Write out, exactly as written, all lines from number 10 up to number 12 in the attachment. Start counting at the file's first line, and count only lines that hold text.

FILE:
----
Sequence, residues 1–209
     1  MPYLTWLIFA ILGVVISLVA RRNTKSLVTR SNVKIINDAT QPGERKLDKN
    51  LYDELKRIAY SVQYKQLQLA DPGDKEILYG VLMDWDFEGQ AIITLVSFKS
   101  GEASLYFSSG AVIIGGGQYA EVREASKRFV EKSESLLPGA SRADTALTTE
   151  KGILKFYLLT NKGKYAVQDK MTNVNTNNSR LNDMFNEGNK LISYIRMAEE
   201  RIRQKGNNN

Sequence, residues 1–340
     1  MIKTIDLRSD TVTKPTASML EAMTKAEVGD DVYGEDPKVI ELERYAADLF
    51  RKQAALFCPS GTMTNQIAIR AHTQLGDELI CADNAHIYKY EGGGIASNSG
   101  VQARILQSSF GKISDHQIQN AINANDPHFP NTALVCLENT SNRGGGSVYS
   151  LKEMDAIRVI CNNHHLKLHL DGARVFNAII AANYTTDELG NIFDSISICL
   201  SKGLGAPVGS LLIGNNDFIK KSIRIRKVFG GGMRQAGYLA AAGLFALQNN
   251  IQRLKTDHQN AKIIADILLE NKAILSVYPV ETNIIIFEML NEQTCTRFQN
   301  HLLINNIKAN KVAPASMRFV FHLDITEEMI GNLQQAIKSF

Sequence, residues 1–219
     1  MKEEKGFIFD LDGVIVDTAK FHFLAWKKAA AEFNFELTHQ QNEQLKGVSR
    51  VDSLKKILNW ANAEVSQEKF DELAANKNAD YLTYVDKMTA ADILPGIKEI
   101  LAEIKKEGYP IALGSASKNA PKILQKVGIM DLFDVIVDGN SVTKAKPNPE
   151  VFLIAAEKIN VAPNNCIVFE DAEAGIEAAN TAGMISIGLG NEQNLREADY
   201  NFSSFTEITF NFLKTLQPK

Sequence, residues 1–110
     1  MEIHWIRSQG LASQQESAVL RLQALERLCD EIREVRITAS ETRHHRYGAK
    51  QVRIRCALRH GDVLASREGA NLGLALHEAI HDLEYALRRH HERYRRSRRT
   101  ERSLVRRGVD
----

   101  VQARILQSSF GKISDHQIQN AINANDPHFP NTALVCLENT SNRGGGSVYS
   151  LKEMDAIRVI CNNHHLKLHL DGARVFNAII AANYTTDELG NIFDSISICL
   201  SKGLGAPVGS LLIGNNDFIK KSIRIRKVFG GGMRQAGYLA AAGLFALQNN